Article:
Exercise_Depression

The Guys on a Mission to ‘EOOD’ — Exercise Out of Depression

Three and a half years ago, David, a 29-year-old struggling with depression, sat on his workout press, a gun in his hand. His relationship of eight years had just come to an end.

Devastated, he held his Glock and thought about firing it. “I could end all the pain and the misery right now and the world would be a better place,” he says today.

But he didn’t. Instead, he looked at his exercise equipment.

Looking back, David sees this moment as the turning point in his life — evidence of what he could overcome. He realized exercise was an escape from the darkness, he tells MEL.

“Depression is fucking hard and it takes you to the deepest recesses of your mind that you can’t even begin to imagine until you’re sitting in that dark corner with your head in your arms crying and rocking back and forth,” he says. “Just the simple fact that we can pick ourselves back up from that place and put on some shoes to go running, pick up a solid iron bar or spin the tires on our bikes in an attempt to get the hell out of that place makes us fucking warriors who will always fight on despite our greatest struggles.”

When David says “us,” he’s referring to the online community of individuals who live with depression and use exercise to help cope. The subreddit, r/EOOD — Exercise Out of Depression — is full of people posting success stories, asking for help and offering loads of positive feedback.

Running is single handedly the best thing I have ever done for my mental health. from EOOD

“It’s one of those communities where we’re all going through a shitty shitstorm together and we just do our best to lift each other up,” David says. “[We] remind one another that it’s okay to stand back up and keep getting back on the path one step at a time no matter how far we feel we may have fallen.” David shouts out the two-person moderating team of the subreddit, which manages to address “almost every single post,” he says. The mods provide positive reinforcement for almost every post on r/EOOD, along with a good majority of comments.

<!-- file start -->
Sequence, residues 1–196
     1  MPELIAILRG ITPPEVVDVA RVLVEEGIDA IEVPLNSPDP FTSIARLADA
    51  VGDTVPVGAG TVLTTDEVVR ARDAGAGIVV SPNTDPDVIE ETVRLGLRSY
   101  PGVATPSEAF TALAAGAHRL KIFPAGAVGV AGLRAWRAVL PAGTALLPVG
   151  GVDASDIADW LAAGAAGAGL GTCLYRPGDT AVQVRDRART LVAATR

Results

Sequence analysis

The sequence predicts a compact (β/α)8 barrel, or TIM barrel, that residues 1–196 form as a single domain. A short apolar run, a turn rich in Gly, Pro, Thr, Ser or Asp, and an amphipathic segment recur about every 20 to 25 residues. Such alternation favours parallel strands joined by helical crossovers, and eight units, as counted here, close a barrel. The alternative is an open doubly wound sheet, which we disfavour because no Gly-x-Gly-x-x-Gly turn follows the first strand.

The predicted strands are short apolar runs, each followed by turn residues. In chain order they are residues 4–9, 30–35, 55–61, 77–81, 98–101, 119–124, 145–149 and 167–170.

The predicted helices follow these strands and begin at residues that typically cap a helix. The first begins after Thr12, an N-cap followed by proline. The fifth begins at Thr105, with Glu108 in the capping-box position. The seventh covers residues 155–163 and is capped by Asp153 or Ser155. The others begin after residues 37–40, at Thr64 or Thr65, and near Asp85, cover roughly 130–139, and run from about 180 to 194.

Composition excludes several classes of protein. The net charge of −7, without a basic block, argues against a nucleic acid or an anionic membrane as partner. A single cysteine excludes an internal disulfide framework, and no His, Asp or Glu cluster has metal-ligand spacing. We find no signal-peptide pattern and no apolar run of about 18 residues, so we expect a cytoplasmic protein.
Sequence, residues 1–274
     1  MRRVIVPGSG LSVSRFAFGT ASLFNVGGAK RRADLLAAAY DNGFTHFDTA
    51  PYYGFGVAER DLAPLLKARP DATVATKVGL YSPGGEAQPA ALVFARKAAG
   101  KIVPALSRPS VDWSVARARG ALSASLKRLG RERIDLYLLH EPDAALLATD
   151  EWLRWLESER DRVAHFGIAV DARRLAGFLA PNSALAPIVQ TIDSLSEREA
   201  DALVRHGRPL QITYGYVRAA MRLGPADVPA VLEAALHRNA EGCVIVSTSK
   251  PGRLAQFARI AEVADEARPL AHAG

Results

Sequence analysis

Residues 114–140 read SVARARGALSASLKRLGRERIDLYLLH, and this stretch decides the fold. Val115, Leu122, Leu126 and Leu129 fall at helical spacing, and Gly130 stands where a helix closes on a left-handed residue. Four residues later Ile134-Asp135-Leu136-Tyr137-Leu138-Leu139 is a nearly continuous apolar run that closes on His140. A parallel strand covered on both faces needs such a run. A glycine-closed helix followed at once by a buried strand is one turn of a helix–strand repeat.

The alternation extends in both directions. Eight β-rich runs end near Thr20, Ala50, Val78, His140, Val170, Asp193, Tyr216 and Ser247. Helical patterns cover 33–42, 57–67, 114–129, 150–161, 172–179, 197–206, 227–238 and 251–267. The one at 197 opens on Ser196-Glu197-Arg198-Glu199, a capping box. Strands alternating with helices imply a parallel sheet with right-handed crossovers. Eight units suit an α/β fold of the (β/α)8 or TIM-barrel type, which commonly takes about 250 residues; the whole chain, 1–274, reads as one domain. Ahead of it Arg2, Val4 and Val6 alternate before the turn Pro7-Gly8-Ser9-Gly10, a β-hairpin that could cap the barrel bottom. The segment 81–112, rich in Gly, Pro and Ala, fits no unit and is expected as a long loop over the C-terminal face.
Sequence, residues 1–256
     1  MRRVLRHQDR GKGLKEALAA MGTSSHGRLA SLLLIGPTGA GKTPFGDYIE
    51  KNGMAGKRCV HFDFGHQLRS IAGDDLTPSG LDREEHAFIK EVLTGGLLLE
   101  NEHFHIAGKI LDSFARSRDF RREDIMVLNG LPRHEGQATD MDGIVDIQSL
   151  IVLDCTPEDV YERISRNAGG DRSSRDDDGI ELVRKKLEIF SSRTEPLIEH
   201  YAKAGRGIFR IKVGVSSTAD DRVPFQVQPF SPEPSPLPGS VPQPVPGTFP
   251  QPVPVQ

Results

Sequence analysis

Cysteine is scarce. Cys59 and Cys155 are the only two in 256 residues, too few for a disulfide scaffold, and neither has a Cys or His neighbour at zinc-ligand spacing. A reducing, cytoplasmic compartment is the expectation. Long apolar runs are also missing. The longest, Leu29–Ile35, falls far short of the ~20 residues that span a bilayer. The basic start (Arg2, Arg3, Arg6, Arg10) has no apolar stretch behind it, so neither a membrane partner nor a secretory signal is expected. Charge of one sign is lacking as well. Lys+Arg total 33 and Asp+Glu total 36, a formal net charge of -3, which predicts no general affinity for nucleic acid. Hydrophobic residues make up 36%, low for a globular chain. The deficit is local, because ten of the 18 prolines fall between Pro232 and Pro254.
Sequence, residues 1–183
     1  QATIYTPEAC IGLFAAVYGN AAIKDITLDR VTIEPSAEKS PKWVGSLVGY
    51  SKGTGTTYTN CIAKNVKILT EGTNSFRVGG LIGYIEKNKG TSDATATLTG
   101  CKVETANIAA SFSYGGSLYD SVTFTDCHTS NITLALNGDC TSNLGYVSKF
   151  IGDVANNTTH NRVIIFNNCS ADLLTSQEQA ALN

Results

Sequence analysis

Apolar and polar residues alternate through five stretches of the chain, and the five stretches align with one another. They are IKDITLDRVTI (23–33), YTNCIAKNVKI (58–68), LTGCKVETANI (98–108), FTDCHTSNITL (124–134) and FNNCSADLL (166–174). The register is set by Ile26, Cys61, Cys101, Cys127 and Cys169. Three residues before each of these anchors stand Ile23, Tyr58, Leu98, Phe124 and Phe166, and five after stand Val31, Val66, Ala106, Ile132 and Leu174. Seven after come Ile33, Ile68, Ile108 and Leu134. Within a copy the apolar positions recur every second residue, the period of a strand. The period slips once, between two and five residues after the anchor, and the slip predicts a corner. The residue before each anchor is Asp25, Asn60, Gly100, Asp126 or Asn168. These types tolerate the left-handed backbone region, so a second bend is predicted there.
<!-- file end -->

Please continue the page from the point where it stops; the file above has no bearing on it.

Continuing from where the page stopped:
Physical activity is not a cure for depression, but there’s no denying it helps. According to a recent study, there’s “increasing evidence” that exercise can help protect against depression. Still, the sidebar on the subreddit is clear that neither the community nor the exercise is a suitable replacement for seeking help from a doctor. It’s not as simple as getting up and going on a run when you feel sad. That’s why I asked a few guys how their EOOD journey has fared so far.

One Breath At A Time from EOOD

Andrew, 33

Andy Richter said it best when he described chronic depression as an emotional limp. No matter how much success you have, some days it is hard to walk.

I pay way too much money for a semi-personal trainer and he was such a help to get me going. Sometimes, you need someone else to push you before you can push yourself. The hardest part of the gym is going, but that’s only 100 percent of the time.

I knew about [the r/EOOD] community beforehand and I read success stories, but I never acted. Everything about depression is difficult, no matter how it is analyzed, there are trials. Depression tells you “no” about everything — person, food, color or activity you know you enjoy. It denies you necessities or makes you find false comfort in them, but always it denies you. [So] I denied it — I started with the most simple action. I was tired of being tired. I went to the gym because I did not want to go.

But here I am 10 months later and better off than I have been in a long time.

I use the r/EOOD community as motivation for my own discipline. It’s the butterfly effect. They have no idea how much they changed in me even if their action may seem minuscule. An army doesn’t need to be raised to topple a dynasty. The word of a common citizen can start a revolution just the same.

I am still struggling with this fight. So are many. It’s not about personal triumph anymore, but unified action. I like to smile at a random person because they generally smile back. I keep a door open for those behind me. I say please and thank you. I do this because I don’t know how another person is feeling. It’s the butterfly effect: The smallest action may change a mind. It counts, trust me.

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Chris, 32

I have been suffering with a mixture of anxiety, stress and depression for years. I’ve been to numerous therapists, and on different kinds of medication, all to varying degrees of effectiveness.